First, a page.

Last week, the Census Bureau reported new orders for durable goods.

The Wall Street Journal noted the report was good news for the economy:

Demand for long-lasting manufactured goods jumped in January, as the U.S. economic recovery gained momentum at the start of the year.

New orders for durable goods — products designed to last at least three years, such as computers and machinery — increased 3.4% … in January…

It was the ninth straight month of gains and the largest percentage increase since July 2020. Economists surveyed by The Wall Street Journal expected a 1% gain, after an upwardly revised 1.2% increase the previous month.

History suggests the report is bullish for the stock market.

Durable goods are items expected to last at least three years. That includes kitchen appliances and cars. Durable goods also include factory machinery and construction equipment.

Trends in durable goods orders reflect consumer and business confidence.

Consumers make big purchases when they’re optimistic about the future. That’s especially true for financed purchases. Financing shows confidence in the ability to make payments.

Pessimistic consumers delay purchases. Think of your household. If you’re worried about losing your job, you probably avoid new debt. This idea applies to the larger economy. Millions of households behave that way.

These same factors affect business decisions as well. Businesses make big purchases when managers are optimistic and defer decisions when they are pessimistic.

New orders for durable goods are one of the few indicators that combine consumer and business confidence, making it a leading economic indicator.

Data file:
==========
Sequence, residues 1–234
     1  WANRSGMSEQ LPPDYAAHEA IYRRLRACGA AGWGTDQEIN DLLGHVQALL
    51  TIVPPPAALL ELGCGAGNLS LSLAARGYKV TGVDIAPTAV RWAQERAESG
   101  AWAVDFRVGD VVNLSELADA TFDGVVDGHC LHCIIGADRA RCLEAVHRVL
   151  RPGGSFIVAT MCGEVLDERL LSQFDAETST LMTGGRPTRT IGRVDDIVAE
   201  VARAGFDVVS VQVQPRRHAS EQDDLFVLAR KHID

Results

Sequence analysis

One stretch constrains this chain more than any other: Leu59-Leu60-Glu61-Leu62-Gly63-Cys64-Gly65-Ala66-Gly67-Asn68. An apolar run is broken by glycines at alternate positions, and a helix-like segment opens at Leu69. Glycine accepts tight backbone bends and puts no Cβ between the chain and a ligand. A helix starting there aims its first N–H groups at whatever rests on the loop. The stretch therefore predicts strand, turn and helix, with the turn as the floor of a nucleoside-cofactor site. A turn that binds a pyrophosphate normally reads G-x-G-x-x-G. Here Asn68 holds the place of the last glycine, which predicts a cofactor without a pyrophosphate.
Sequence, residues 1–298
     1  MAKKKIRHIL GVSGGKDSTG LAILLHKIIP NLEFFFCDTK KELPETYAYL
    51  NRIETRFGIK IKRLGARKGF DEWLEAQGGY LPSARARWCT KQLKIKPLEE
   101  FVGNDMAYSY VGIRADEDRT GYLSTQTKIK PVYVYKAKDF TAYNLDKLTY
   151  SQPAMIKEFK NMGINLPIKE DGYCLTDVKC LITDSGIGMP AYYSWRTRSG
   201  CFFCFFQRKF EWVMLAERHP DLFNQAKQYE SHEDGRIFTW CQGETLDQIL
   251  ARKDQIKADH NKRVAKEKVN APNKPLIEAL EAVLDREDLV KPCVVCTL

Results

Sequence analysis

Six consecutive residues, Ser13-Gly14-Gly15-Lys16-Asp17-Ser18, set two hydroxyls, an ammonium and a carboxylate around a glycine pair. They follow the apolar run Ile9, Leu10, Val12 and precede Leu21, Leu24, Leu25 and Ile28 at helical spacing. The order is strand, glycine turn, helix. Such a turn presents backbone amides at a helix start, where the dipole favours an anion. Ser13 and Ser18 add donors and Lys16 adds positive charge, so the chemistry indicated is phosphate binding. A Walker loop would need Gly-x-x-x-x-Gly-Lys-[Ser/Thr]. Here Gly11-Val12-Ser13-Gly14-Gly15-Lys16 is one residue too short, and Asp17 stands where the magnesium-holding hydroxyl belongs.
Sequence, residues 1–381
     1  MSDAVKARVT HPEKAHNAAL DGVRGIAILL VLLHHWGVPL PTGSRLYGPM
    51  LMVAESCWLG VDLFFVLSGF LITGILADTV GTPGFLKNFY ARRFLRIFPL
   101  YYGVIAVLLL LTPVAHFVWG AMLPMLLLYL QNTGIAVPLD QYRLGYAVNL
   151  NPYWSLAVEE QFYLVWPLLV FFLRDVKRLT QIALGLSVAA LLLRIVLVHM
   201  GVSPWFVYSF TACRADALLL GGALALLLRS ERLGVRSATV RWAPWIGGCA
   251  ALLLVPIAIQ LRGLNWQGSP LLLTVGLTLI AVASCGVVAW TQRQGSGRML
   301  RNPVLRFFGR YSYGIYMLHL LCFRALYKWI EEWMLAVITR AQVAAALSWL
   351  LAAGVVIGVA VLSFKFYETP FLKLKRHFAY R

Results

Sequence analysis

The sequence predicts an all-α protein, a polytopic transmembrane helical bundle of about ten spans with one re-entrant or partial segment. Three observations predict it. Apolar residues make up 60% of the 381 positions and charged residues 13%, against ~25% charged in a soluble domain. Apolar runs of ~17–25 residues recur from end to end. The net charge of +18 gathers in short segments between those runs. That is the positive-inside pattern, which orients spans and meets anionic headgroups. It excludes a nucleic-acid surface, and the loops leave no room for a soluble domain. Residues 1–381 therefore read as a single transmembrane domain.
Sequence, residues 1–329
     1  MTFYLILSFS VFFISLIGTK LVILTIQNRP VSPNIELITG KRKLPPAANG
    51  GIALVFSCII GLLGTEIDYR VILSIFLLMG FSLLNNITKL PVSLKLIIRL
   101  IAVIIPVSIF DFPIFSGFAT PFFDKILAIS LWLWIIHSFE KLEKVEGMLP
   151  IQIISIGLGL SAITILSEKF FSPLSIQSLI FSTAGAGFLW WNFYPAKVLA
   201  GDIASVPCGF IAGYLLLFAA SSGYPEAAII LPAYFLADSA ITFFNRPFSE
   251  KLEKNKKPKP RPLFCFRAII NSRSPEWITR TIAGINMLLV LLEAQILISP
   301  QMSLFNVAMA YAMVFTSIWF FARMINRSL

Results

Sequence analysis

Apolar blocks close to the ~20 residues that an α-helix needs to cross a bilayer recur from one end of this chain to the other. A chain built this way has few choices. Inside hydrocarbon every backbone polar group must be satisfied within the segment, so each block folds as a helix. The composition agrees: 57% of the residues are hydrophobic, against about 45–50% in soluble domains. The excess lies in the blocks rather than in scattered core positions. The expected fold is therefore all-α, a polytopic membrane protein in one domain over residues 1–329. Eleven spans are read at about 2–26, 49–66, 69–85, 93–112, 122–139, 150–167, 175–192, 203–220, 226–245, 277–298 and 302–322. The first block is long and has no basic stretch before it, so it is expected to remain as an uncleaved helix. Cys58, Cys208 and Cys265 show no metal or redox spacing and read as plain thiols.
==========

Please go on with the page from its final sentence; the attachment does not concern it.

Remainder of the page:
This indicator also forecasts trends in the stock market. Avoiding the stock market when new orders are lower than they were six months ago beats a buy-and-hold strategy.

The Commerce Department began publishing this data in 1992. That sell signal avoided every significant decline since then.

The chart below shows the S&P 500 Index, the black line, with blue bars indicating when new orders were up compared to a year before.

S&P 500 and Durable Good Orders

durable goods chart

Source: Optuma.

Durable Good Orders Could Turn Bearish

The S&P 500 generally declined when orders declined.

New orders for durable goods are telling us the stock market could move higher after a brief pullback.

But the news on durable goods could be so good it’s bearish. After rising sharply, a pullback in orders could develop in the coming months. Investors should implement defensive strategies in this environment and be ready for a bear market.

Michael Carr is a Chartered Market Technician for Banyan Hill Publishing and the Editor of One Trade, Peak Velocity Trader and Precision Profits. He teaches technical analysis and quantitative technical analysis at the New York Institute of Finance. Mr. Carr is also the former editor of the CMT Association newsletter, Technically Speaking.

Follow him on Twitter @MichaelCarrGuru.